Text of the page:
Did you know that Northwest wine consumers usually associate higher acidity Rose wines with a higher mouth appeal / taste?
There you have it. The bottom line handed to you in the first paragraph. But why is the information useful to a winery? Afterall, your wine style is your wine style. No matter what data says, few wine producers are willing to shift their wine style just because consumers say so. Logistically and practically such shifts may also not be possible.
What the data tells us, is that when consumers in the Northwest region taste a set of competitive Rose wines, their preference in terms of mouth appeal tends to go towards products that leave them with an an impression of higher acidity.
Is this pattern the same in the markets you care about? Does the acidity in your Rose wine lend itself to a specific group of consumers in a particular part of the country? If it did, how would the information impact where you focus your sales and marketing efforts? Would it impact your warehousing and inventory allocations? Can your sales team use the data to prove to retail buyers that your wine is preferred with the local consumer base? How do any of these adjustments and use of data potentially impact the P&L?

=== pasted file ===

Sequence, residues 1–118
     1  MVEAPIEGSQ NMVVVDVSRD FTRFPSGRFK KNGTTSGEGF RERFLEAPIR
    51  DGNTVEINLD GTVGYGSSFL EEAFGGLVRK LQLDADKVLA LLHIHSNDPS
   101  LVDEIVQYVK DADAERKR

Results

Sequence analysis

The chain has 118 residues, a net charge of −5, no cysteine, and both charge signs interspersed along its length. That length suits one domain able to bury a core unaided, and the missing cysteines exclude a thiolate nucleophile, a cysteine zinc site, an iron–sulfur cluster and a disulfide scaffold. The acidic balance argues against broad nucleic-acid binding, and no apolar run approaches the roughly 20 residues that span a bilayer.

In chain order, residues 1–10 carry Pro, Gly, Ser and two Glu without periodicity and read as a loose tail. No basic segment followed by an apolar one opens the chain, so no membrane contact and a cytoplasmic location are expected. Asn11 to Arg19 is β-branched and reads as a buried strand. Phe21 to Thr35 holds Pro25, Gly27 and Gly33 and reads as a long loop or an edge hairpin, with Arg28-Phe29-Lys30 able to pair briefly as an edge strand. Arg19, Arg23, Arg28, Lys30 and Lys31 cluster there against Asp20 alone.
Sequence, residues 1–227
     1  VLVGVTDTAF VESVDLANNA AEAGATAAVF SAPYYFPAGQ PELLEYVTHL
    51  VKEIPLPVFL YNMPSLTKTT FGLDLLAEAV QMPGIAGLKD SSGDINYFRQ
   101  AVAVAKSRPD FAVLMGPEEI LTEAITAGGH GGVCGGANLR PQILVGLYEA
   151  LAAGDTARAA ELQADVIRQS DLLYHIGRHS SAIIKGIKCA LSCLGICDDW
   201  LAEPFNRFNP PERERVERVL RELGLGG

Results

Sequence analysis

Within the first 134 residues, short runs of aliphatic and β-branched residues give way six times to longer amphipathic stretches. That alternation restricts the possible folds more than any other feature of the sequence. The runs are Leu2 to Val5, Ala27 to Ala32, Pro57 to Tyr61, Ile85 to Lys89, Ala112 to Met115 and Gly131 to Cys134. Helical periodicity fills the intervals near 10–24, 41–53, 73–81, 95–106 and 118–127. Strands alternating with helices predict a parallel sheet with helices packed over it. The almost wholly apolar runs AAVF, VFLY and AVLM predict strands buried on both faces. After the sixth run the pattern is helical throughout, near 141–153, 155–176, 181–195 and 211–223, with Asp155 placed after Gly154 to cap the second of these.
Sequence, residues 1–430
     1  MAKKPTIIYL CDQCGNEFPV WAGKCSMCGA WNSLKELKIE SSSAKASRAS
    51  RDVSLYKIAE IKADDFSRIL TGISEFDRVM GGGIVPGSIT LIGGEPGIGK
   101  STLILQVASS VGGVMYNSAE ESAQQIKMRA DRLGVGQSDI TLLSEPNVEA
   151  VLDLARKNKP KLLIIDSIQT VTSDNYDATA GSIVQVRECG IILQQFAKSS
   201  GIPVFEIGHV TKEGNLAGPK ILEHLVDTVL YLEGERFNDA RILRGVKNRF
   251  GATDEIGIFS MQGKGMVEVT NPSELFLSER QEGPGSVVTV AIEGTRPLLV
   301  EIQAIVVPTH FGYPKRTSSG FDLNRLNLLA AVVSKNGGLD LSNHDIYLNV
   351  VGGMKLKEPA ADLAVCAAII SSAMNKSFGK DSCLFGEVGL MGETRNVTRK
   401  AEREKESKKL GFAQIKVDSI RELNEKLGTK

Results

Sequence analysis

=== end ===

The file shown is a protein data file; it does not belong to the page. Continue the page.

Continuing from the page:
The power of consumer sensory data lies in your ability to think about its application to the business, from different angles. Not just from a wine style point of you. Marketing, packaging and branding, positioning, sales collateral and training, and messaging included. Even pricing. When you discover an affluent state or city likes your Rose more than your key competitor wines that are priced higher, is that an opportunity you can capitalize on?
Get deeper into Rose data research findings and experience an interactive preview of the some of the consumer sensory feedback we cover in the latest report from Quini, in our new report: ROSE WINE – Consumer Sensory Study of Top Household Name Rose; Northwest, 2021. the report is available for purchase online for USD $995.